I am the mom of three beautiful daughters who are full of energy and life. My oldest is almost 5, my middle 3, and my youngest just turned a year. Our house is full of love and laughter and I wouldn’t change it for anything.
Halfway through the pregnancy with my youngest, Bernadette, her routine 20 week ultrasound showed she had a large heart defect. After seeing more specialists it was determined that she would need heart surgery within the first couple of months of her life. Upon the discovery of her heart defect, I was informed that these kinds of heart defects are more common in kids with Down syndrome, something that hadn’t been on my radar. I was offered a blood test to confirm. Within a few weeks of finding out my baby had a heart defect, the blood test combined with all the findings of the ultrasound put her at a 100% chance for having Down syndrome.
I experienced a wide range of emotions during the last half of the pregnancy as I tried to picture what our lives would look like once she arrived. I questioned how our family would change once she was here and what the relationship between my three daughters would look like. I wondered if the girls would see her for her differences instead of her similarities. I thought about how I was going raise a child with Down syndrome and I wondered how different it would be than raising my two other typical daughters.
One evening, I was talking with a friend. Her husband works in the classroom with kids with special needs. I told her all my fears about the unknown and expressed to her that I couldn’t quite imagine what our lives were going to look like the day Bernadette joined our family. I am sad to say that I hadn’t had many people in my life with DS. She patiently listened to my words. She then reminded me that would be bringing home a baby. A baby that would have all the same needs as my other two babies did.
The day came and she was born into this world. She came quickly, ready to fight. From the moment our eyes met all my fears of the unknown melted away. I saw my third daughter, so tiny and perfect. She was finally here.
My older girls came to the hospital to meet their newest sister. They bounced in one at a time eager to meet the newest member of our tribe. As they kissed her forward, I saw a deep unconditional love in their eyes. I watched them meet their little sister with no preconceived ideas or judgment and without a trace of uncertainty in their eyes. I saw love and confidence. It melted me to the core and calmed my heart.
Watching their relationships has been the sweetest thing to witness. They see her for exactly who she is, their youngest sister. They smother her in hugs and kisses constantly and argue over who gets to sit by her as they play with her toys on the floor. Their love for her and their immediate bond with her runs deep within them and is so natural.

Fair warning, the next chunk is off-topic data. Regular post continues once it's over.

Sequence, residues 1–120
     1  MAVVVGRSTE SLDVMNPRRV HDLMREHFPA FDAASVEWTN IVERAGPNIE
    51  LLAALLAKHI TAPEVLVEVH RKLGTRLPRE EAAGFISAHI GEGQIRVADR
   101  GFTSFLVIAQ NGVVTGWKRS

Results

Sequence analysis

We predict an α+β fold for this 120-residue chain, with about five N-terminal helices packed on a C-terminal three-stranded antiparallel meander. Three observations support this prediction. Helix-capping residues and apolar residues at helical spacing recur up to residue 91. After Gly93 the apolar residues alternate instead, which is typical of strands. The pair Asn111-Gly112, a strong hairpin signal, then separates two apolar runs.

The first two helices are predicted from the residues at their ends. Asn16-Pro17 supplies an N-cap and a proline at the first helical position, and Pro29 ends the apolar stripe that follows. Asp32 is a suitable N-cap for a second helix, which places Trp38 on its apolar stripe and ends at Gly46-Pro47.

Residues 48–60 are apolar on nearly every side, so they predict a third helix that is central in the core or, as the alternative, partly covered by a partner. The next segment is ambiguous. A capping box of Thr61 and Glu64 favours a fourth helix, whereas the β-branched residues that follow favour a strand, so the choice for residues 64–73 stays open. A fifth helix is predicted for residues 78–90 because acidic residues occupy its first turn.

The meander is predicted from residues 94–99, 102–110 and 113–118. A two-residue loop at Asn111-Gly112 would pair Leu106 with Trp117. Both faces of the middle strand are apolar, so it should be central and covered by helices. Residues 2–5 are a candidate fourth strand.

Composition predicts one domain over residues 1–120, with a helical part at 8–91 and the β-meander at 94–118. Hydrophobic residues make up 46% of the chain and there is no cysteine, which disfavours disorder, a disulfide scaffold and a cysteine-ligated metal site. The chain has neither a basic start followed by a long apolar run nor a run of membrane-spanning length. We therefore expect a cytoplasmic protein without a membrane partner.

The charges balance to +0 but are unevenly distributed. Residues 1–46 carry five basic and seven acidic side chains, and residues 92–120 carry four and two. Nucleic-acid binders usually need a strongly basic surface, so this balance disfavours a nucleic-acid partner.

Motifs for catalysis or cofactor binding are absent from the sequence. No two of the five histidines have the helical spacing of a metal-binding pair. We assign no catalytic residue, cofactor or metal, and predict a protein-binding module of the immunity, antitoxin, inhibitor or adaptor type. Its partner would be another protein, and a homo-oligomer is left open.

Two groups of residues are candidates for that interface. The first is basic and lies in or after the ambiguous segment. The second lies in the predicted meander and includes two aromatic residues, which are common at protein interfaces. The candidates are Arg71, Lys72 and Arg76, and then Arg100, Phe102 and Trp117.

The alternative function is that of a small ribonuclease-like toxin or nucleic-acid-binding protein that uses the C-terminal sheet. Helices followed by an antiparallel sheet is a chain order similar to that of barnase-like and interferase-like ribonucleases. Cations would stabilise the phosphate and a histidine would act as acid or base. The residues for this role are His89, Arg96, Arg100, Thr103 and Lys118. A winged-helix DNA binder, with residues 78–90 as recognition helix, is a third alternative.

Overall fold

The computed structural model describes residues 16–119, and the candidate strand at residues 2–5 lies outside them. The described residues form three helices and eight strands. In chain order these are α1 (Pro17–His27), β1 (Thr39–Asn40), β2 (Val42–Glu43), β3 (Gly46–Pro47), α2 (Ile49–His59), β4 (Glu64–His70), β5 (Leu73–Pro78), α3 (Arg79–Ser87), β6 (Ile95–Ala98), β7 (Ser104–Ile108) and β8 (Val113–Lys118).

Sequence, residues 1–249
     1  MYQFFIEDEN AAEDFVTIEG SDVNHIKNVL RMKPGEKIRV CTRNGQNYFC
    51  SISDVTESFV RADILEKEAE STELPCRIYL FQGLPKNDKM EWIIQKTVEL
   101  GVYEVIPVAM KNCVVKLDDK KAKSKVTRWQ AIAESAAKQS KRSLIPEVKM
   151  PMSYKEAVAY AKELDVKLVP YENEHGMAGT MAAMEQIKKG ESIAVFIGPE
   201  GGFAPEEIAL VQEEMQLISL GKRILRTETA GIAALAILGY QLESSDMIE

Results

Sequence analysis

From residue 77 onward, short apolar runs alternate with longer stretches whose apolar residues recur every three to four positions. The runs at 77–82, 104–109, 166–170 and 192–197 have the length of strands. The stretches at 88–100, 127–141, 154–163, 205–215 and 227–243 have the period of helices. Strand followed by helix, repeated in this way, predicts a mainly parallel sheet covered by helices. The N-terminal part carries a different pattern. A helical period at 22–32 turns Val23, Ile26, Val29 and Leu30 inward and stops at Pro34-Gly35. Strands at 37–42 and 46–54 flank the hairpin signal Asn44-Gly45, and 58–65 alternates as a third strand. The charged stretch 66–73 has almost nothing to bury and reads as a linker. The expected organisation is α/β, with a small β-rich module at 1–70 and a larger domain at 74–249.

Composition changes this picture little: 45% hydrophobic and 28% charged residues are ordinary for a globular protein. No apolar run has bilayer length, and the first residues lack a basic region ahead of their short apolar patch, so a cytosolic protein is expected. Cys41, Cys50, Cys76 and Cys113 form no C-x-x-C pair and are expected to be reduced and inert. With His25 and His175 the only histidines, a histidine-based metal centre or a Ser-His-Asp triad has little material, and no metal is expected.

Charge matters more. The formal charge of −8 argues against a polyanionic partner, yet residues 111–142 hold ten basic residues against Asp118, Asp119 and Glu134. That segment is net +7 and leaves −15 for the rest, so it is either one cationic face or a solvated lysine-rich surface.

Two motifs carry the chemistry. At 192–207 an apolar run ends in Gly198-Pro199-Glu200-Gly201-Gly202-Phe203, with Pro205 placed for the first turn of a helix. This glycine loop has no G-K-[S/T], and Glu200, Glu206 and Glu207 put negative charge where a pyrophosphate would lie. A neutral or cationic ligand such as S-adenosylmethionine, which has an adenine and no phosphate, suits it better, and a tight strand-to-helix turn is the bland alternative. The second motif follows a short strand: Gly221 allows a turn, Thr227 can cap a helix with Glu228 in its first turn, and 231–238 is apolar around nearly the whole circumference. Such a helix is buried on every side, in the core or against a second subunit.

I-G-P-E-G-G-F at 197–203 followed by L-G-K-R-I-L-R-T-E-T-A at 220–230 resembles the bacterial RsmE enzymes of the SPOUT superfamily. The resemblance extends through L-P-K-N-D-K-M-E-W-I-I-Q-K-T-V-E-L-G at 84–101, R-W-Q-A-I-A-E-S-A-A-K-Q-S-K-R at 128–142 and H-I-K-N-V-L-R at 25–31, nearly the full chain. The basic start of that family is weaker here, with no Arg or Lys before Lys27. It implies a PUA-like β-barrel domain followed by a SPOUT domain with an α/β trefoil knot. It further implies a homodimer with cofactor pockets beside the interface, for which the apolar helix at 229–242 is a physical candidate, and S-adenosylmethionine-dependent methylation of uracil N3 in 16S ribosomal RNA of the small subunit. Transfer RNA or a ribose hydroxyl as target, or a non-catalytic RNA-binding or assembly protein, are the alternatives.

Her first couple of months were different than anything I could have ever anticipated. They involved extended hospital stays and feeding challenges, our lives revolving around heart surgeries and illnesses and appointments. They were painfully hard experiences to watch Bernadette go through. But she fought her way through it in true warrior fashion. After two heart surgeries to repair her heart defects, she began to thrive. Her body began to heal from all that it had been through in her first couple of months and we were able to bring her home.
Upon bringing her home and settling in, I was reminded of the conversation with my friend a few months prior. Bernadette did indeed have all the same basic needs as my other daughters. She needed to be loved deeply, she needed to eat and sleep, she needer her diaper changed, and she needed connection. Her personality has been showing through more and more as she grows. She has her likes and dislikes. She loves being the center of attention, just like my oldest. She loves to make people laugh, just like my middle. And all three of the girls love to read together.
Those first few months changed my perspective greatly. I was facing those questions of how different it would be to have a baby with Down syndrome and I was quickly seeing that even though her life started out much differently than my other girls, she wasn’t that much different than them. She brings a new dynamic to our family in a positive way.
There is an innate desire for love within each of us. We all have basic needs that help us to thrive when they are met. The therapies help her significantly along the way, but she is still a unique individual just like my other girls. There is no box to put her into or limitations to restrict her to because of her diagnosis. She is just as much of an individual as my other girls.
Bernadette lights up the room with her smile. She brings an inexplicable joy to my heart every time our eyes meet. She has a fiery personality with a bit of sass thrown in. She has caused me to look at life through a different lens, one that sees the beauty in our everyday living.
Our day to day schedule may look a lot different than it did a year ago. We may have to work harder at things with Bernadette and encourage her more when learning new skills. And our family looks different than it did a year ago because we have three girls now instead of two bringing our family to 5 instead of 4. But, at the end of the day, I am a mom of three beautiful daughters.